By Kirt Manion
Lincoln attorney Dennis Crawford believes that the country and the congress should be led in a different direction.
And, because of that, Crawford, a Democrat, will seek election as Nebraska’s congressional representative for District 1, a seat occupied by Republican Jeff Fortenberry.
Crawford attempted to unseat Fortenberry in the 2014 mid-term elections but was defeated, 123,219 votes to 55,838.
All of Nebraska’s three seats in the United States House of Representatives will be up for election in 2018 with primaries preceding a Nov. 6 general election.
Crawford said he has been campaigning for the District 1 seat since June of this year and has already visited 15 of the 17 counties in the district and has conducted town hall meetings in Lincoln, Seward and Fremont. Future events include a fundraiser at the Grata Bar and Lounge at 70th and A in Lincoln from 5 to 8 p.m. on Nov. 8; a town hall at IBEW Local 265 at 1409 Old Farm Rd. in Lincoln from 7 to 8:30 p.m. on Nov. 14, and a town hall at the Hy-Vee at Shadow Lake Towne Center, 11650 S. 73rd St, Papillion, from 7 to 8:30 p.m. on Nov. 29.
What’s the message you’re likely to hear at these events?
“I think the congress has failed the people of Nebraska and has failed the American people,” said Crawford. “They aren’t doing the people’s business. Instead, they are prioritizing the wealthiest Americans and special interests. Unfortunately, Mr. Fortenberry is part of the problem.
“If you want different results from Washington, you have to elect different people. And that’s why I am running.“
Crawford identifies health care and taxes as two specific areas where he believes the Republican led congress and the President of the United States, Donald Trump, is leading America in the wrong direction.
Crawford said Fortenberry voted for Trump’s healthcare and said that such provisions would result in the loss of insurance coverage for millions of Americans and the restoration of pre-existing condition clauses.
Crawford said he feels the solution of going to a Medicare or Medicaid buy in for all citizens is preferable with Americans being able to go on to insurance exchanges to buy into Medicare or Medicaid. For those who feel that they have a good plan through their employer, Crawford said they should be able to keep that plan.
The tax policy being forwarded, Crawford said, is one that gives 80 percent of the benefit to the richest Americans while exploding the deficit.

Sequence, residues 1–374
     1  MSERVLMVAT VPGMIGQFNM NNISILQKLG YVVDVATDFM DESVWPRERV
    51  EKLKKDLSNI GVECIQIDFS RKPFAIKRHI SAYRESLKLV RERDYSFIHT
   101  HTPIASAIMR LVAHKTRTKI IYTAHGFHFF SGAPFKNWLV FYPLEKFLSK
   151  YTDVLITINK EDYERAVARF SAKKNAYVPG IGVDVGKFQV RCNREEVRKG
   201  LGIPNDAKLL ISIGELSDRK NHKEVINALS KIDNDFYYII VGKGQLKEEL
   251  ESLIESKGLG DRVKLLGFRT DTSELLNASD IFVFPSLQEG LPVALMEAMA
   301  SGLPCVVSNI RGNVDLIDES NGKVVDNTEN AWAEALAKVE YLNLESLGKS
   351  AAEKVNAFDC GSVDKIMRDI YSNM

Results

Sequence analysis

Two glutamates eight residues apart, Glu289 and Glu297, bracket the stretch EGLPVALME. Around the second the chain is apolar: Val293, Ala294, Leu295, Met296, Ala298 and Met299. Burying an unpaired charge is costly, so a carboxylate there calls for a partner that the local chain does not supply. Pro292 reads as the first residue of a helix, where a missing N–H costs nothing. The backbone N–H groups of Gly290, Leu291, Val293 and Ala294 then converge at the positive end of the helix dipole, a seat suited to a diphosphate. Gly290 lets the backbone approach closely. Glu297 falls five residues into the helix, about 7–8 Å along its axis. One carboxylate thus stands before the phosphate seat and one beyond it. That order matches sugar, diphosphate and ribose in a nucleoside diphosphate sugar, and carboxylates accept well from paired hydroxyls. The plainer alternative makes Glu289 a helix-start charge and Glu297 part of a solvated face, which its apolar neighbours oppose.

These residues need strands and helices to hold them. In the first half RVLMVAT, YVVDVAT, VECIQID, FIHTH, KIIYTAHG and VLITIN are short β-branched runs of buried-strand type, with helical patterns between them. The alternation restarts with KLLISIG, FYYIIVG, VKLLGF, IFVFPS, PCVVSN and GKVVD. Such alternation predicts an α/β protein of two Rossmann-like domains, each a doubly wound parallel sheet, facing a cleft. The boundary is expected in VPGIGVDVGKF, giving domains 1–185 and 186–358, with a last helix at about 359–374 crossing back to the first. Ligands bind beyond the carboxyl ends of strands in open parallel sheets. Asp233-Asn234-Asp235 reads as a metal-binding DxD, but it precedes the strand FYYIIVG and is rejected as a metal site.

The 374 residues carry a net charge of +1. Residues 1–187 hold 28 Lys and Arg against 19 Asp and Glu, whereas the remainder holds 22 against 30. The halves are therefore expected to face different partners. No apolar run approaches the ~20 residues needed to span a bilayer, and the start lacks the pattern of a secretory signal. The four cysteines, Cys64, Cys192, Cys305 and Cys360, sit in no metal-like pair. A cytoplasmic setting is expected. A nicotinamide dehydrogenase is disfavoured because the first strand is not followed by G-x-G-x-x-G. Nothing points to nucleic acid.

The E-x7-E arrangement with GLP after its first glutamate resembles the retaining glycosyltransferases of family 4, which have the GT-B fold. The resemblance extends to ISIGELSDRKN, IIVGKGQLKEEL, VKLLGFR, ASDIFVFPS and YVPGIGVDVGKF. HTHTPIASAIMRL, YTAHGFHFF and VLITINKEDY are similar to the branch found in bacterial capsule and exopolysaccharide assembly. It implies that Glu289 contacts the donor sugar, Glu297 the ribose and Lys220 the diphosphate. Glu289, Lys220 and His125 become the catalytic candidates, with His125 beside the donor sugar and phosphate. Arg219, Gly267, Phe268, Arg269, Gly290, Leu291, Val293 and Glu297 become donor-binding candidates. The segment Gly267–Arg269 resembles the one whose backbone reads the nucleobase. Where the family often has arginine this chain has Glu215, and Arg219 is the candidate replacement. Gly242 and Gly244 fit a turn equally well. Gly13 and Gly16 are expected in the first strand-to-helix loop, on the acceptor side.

Other issues Crawford feels are important include the environment and foreign policy, specifically policies pertaining to North Korea, Iran and Afghanistan.
In terms of the environment, Crawford indicated that he believes global warming is being experienced in Nebraska with evidence being warmer temperatures and drier conditions.
“Nebraska is an agricultural state. If trends continue, that would be very bad for Nebraska agriculture,” said Crawford.
While global warming is a concern, Crawford sees battling the phenomenon as an economic opportunity, particularly in the windy state of Nebraska, where green energy could result in many middle income job opportunities.
Green energy economic opportunities, Crawford feels, are not being sought.
“I think that is a reflection of a lack of leadership at the state and federal level,” he said.
Crawford said he feels that global warming is a problem that can be solved and noted that businesses are already trending toward green-friendly initiatives. Internationally, Crawford said other countries are on board with reducing greenhouse gas emissions.
Looking at foreign policy, Crawford said he would like to see congressional oversight when it comes to the use of military power against North Korea or Iran.
“I think if Mr. Trump wants to go to war with North Korea, he should get congressional authorization,” said Crawford.
Preemptive wars against North Korea or Iran, Crawford said, would be “madness.” The candidate also said that the United States should refrain from any nation building strategies in Afghanistan and focus attention on counter terrorism efforts alone.
Whether its health care, taxes or any other public policy, Crawford feels that creating consensus and finding common ground should be imperatives and promised that would be his focus if elected.
“I would urge that we conduct business in the congress on a bipartisan basis,” he said.
Straight line votes, Crawford said, result in bad legislation. By including all ideas, he said legislative efforts would find more success.
Getting bipartisan cooperation seems to be a major challenge.
“We are very polarized right now. There is no doubt about that,” said Crawford, adding that he knows it would not be easy. “There is a first step in every long journey.”